Sometimes the damage from such products can be permanent and sometimes it isn't.

MIL has a cat that had seizures immediately when she put a flea collar on him. That was some years ago and he seems to have no lasting damage from it.

On the other hand I had a cat that suffered permanent damage from a flea collar back in the 70's. She was nicknamed Crooked cat because of it.

Those products are not allowed around any animals that I care for now. It is so awful to have to learn what those OTC products do first hand.
What was the damage? What substance caused the damage? How old was your pet? I've spoken with others and they've mentioned the same thing. Only problem is nobody seems to remember exactly what substance was in the collar, and how much of it was in the collar.

In my pets case, it was 11.25mg of Propoxur. Way, way too much Propoxur to be put into one flea collar. Some humans get sick from 1.5mg of Propoxur within 15min of being exposed. Now try putting 11.25mg on a 10lb cat. These people are insane, again their #1 priority is putting a collar on the market that says "will kill fleas and tics for 5 months." Yea no kidding cause you put enough poison in the collar to damn near kill the animal that has the fleas/tics.

Quote:
Originally Posted by Cearbhaill
I would contact Zodiac and find out if any other such instances have been reported. You could find out a lot from any existing records of other animals.

Better yet have an attorney contact them. They can't help your poor animal but they can sure help you with the bills.
Correlating all of his health problems to the product will prove to be a challenge until he passes and I can have an autopsy done, which I will be. They will want to blame me for applying it improperly (b.s. imho, they'll lose on that issue) and point the finger at the fact that he's an aged cat. If I come to find out there was damage done to him from the product, I'm going to sue them six ways from sunday, I don't care if I have to sell my car and condo to do it. Their #1 priority is money, not the health and well being of animals.

Quote:
Originally Posted by Cande
My cat had a similar experience but with flea shampoo, he is taking Phenobarbital to control the seizures. You need to take him to the vet, he need to take medication to stop the seizures because with each one he will have permanent brain damage. Having one each day, that’s dangerous.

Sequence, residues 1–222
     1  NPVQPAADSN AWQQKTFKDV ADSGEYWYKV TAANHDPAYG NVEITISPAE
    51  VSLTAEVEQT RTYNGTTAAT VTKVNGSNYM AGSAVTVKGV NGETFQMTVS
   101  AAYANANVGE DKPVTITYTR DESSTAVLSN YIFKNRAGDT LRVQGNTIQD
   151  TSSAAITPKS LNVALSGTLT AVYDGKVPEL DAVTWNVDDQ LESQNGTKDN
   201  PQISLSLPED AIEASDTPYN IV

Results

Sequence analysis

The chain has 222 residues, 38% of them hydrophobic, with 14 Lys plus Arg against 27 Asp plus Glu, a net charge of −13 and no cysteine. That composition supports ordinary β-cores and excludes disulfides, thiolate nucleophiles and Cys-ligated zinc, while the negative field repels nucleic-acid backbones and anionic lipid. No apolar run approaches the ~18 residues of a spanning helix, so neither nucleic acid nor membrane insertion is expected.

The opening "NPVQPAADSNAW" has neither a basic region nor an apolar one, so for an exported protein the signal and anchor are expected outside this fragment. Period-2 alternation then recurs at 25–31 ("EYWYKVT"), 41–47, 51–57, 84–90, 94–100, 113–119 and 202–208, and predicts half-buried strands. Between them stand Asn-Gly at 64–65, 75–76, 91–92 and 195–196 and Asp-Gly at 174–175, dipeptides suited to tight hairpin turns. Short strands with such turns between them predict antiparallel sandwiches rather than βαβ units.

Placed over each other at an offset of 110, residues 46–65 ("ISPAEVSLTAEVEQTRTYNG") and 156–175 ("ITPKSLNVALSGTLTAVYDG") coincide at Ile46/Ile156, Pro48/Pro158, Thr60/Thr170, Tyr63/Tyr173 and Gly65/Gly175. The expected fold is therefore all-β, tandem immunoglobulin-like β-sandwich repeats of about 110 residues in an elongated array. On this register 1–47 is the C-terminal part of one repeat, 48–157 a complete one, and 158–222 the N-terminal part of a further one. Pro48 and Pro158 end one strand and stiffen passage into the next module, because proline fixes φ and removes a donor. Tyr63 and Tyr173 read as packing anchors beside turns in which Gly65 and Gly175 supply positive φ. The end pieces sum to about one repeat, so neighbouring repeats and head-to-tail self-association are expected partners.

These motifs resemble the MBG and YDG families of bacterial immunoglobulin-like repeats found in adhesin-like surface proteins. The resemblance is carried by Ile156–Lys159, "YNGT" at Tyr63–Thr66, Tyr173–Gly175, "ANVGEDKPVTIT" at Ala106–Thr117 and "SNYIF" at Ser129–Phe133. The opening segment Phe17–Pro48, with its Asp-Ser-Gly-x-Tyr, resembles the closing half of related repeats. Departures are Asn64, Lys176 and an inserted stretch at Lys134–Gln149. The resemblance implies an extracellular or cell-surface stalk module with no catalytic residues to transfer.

I spoke with the Neuro and she said unless his seizures were longer that they wouldn't cause any brain damage or stroke issues. I'm not so sure of her comment though. I'm not sure that she realises how traumatising they are. If anyone has any documentation on cat seizures particularly relating to brain damage/strokes it would be much appreciated.

Quote:
Originally Posted by Dizzymslizzy
Well see it depends. Cats in CRF will have seizures when their #s go out of wack. So it could be a combination of the CRF and the flea collar. Hartz flea collars are nasty products and have been known to be the cause of many problems in cats, and a lot of deaths as well. My cats will ONLY get prescription flee meds from the vet because of this.

With that being said it's too late to do anything about the collar. What's done is done. I will tell you that CRF is a very trying disease for both cats and their human counterparts. I nursed a 17 yr old cat through CRF and we lost him on Thanksgiving of this year. He suffered a lot, and we finally caved and had him put to sleep when the seizures started. We couldn't bear to see him suffer any more. Good luck with your kitty
Dizzy do you know why your cat had convuslions with the CRF? Just wondering. Did he/she have them only while sleeping, or while awake also?

Thanks in advance.

Good deal,

I gave him an application of DMSO yesterday at around 3pm. Appx. one drop with q-tip on his right paw where the MRI folks had shaved him for his catheter. DMSO got rid of my 10 years worth of back pain in one application. I'd been through numerous therapy techniques, none of which worked.

It's been 24hrs without a seizure since the DMSO application and his overall energy levels and well being have improved. DMSO is said to be a miracle drug. It's cheap and all natural. Only thing I have to wait for now is to see if it fixed the problem permanantly like my back, or if I need to do maintenance applications to keep the convulsions under control.

Thanks for your time

N8
post #13 of 14
About information on brain damage cause by seizures, I didn’t read it in an article, someone in a vet forum told me. I hope he gets well, good luck.
post #14 of 14
Quote:
What was the damage? What substance caused the damage? How old was your pet? I've spoken with others and they've mentioned the same thing. Only problem is nobody seems to remember exactly what substance was in the collar, and how much of it was in the collar.
N8
Nateeight,
Like the others you have spoken to, I simply don't know. I think the cat was under a year, but we are talking about nearly 30 years ago. Funny thing is, I had some grand mal seizures in the mid 80's and that did effect my memory. Some memories seem to be gone for good. So if that is considered brain damage, then yes, seizures do cause brain damage. I suppose that since one cannot ask a cat about what they remember then they assume there is no permanent damage.

I've never really thought about it much one way or the other, but should probably be worth some consideration by someone dealing with such traumas.

Good luck with your baby